Attention IRA Beneficiaries: Rule Change!

In December of 2019, the SECURE Act became law.  Part of this new law was a change to how beneficiaries of qualified accounts (such as IRAs, 401(k)’s) must withdraw assets from these accounts after the death of the account owner.  Prior to the SECURE Act, a beneficiary had to take a minimum required distribution (MRD) each year.  The amount of the MRD was based on the account beneficiary’s age.  The basic idea was that the MRD withdrawals permitted the beneficiary to remove the assets over the life expectancy of the beneficiary.  The MRD was a minimal amount that the beneficiary had to withdraw, the beneficiary was free to take more or all of the account balance at any time.

Withdrawals from qualified accounts are taxable.  The account owner never paid tax on the assets in the account, so when the owner or the beneficiary takes withdrawals from the account, tax is due.  Permitting the beneficiary to remove money from the account over his (or her) life expectancy deferred the payment of tax on the assets in the qualified account over a very long period of time.

For instance, assume that Mrs. Smith is seventy-five years old.  She has $1,000,000 in her IRA.  Each year, Mrs. Smith—the qualified account (IRA) owner—must remove an MRD that is based upon her life expectancy.  The MRD is a small fraction of the $1,000,000.  The MRD gives Mrs. Smith an amount of money that is expected to support her in her retirement years.  The government believes the benefit of providing Mrs. Smith with retirement income outweighs the government’s need for tax revenues, so the government defers its collection of taxes until Mrs. Smith withdraws money from her IRA and only requires her to take the MRD each year.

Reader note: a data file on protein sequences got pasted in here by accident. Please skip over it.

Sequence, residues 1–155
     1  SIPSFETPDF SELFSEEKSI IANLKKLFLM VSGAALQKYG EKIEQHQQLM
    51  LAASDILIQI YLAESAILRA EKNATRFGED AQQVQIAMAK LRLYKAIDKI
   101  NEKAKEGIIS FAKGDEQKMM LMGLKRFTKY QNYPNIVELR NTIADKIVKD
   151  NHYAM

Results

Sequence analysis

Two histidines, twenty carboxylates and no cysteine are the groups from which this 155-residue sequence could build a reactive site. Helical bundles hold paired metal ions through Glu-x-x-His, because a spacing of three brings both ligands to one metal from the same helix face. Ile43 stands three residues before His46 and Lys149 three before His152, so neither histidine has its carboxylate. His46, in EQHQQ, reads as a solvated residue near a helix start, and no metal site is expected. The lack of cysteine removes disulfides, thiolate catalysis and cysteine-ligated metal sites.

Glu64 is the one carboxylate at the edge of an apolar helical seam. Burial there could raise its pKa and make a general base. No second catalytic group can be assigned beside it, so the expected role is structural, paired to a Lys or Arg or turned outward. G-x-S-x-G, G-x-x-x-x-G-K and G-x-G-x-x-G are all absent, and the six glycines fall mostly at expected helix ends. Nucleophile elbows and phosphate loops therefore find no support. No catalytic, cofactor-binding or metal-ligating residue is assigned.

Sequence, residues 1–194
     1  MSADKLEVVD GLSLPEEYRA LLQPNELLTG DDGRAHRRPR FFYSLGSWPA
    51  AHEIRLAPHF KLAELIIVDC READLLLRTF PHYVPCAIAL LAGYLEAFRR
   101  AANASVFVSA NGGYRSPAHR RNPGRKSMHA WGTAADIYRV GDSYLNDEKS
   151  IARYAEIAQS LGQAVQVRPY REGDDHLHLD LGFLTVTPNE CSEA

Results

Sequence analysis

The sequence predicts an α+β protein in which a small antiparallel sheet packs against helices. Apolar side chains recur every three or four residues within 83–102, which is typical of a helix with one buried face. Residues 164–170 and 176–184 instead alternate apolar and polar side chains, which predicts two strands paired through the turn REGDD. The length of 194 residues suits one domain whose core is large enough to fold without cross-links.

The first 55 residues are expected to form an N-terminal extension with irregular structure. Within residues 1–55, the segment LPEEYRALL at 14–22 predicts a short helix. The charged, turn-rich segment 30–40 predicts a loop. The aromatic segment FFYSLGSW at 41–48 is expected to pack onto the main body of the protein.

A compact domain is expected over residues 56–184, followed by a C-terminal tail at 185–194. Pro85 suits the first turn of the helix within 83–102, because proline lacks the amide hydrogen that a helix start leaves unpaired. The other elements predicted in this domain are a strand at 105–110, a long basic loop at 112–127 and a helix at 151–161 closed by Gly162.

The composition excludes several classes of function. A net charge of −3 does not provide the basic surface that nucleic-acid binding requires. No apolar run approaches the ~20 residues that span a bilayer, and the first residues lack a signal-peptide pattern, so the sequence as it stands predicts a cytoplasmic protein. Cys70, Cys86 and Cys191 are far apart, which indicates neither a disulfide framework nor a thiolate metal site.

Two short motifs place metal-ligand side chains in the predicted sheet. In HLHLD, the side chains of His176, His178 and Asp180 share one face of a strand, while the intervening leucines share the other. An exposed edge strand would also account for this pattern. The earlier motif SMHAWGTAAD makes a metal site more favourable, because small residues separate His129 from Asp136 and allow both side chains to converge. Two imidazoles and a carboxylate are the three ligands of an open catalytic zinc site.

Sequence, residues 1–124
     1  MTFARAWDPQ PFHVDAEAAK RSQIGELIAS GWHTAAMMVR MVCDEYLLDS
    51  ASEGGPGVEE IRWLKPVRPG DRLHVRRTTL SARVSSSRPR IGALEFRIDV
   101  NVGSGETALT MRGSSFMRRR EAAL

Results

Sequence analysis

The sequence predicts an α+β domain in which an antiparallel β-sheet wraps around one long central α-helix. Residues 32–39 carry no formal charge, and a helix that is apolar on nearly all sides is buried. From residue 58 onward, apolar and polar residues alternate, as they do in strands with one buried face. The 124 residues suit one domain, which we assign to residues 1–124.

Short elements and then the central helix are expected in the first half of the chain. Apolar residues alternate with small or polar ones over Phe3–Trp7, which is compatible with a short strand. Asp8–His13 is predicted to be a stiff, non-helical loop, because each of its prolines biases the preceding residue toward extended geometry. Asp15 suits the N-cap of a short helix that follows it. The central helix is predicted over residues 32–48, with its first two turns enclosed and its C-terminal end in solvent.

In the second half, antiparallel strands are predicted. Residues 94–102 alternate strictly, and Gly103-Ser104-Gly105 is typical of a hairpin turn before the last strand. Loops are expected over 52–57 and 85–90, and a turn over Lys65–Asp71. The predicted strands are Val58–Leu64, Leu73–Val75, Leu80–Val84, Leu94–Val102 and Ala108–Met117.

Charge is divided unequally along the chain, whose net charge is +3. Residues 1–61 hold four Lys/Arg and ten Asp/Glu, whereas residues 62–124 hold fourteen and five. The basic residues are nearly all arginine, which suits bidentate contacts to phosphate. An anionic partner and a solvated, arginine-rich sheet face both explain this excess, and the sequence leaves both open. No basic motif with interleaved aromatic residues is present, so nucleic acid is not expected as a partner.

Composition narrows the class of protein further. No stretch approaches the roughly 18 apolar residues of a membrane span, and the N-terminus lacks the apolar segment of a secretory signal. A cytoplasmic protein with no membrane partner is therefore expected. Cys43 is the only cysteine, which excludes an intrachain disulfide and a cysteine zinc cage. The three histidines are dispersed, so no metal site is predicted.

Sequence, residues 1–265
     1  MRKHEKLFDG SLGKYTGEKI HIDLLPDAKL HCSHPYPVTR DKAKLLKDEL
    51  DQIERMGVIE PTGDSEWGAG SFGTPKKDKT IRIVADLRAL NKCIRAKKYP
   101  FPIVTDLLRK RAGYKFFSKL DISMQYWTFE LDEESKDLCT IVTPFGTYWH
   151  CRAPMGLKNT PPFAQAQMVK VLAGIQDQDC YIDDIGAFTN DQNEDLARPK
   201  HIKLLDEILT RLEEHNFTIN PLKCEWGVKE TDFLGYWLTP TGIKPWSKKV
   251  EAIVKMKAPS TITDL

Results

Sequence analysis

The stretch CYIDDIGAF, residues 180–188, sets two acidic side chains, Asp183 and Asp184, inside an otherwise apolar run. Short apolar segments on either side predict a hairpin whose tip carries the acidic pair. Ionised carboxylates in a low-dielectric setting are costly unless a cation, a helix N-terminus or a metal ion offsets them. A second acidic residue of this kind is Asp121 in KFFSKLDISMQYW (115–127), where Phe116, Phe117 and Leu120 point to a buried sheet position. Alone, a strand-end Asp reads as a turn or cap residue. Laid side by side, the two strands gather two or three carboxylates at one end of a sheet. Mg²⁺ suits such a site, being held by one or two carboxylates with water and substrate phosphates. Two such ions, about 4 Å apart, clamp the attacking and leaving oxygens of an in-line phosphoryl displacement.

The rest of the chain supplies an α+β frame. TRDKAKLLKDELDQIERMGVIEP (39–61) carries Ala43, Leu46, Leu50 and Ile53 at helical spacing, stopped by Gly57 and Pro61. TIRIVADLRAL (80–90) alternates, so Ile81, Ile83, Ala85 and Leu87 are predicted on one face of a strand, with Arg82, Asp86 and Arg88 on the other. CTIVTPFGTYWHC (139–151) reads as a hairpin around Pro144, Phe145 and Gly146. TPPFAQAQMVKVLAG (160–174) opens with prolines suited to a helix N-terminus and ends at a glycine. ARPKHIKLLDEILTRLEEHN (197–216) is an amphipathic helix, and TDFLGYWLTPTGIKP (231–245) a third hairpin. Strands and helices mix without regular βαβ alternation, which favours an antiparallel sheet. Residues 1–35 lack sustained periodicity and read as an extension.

Prior to the SECURE Act, the beneficiaries of Mrs. Smith’s IRA also could remove money over their life expectancies.  Like Mrs. Smith, the beneficiaries could defer paying tax over the remainder of their life expectancies.  The government would defer the collection of tax on the assets until the beneficiaries withdrew money from the IRA.

Tax deferral is a tremendous benefit.  Not only do you defer paying tax to a later date, which is a benefit in and of itself, but the owner and beneficiary also receives the benefit of tax-deferred growth.  If the owner/beneficiary had to pay tax, that would diminish the amount of money that was invested in the account.  This would diminish the amount of growth in the account.  A three percent gain on $1,000,000 is a greater gain than a three percent gain on $950,000.

In the past twenty years, I have seen a tremendous decrease in the number of my clients who have defined benefit pension plans.  What I call “old-timey pension plans.”  A pension plan I received from a company that I probably worked for most of my life and that pays me a fixed amount of income every month from the date of my retirement until the date of my death.  In that same period of time, I have seen a tremendous increase in clients who rely upon qualified accounts for their retirement income.

With all this money in qualified accounts, the government if deferring more and more tax money.  If the government is waiting for the owner or beneficiary to withdraw the money before it is taxed and if most investment money is in qualified accounts, then there is a tremendous amount of tax deferral.

The federal government realized this and changed the taxation of qualified accounts as it relates to most beneficiaries.  After the SECURE Act—with the exception of certain beneficiaries, such as a spouse—the beneficiary must withdraw the money from the account within ten years of the account owner’s death. So, now, for example, Mrs. Smith dies and her adult children must remove the money from her IRA within ten years of her death.

Recently the IRS published a document that instructs taxpayers how the ten-year rule works.  According to the IRS, the beneficiary must remove his/her MRD for each of the first nine years, then the balance in the tenth year.  This defined pattern is a shock to most attorneys and accountants and is subject to change when the IRS publishes its final regulations, so we shall see where the final rules end up.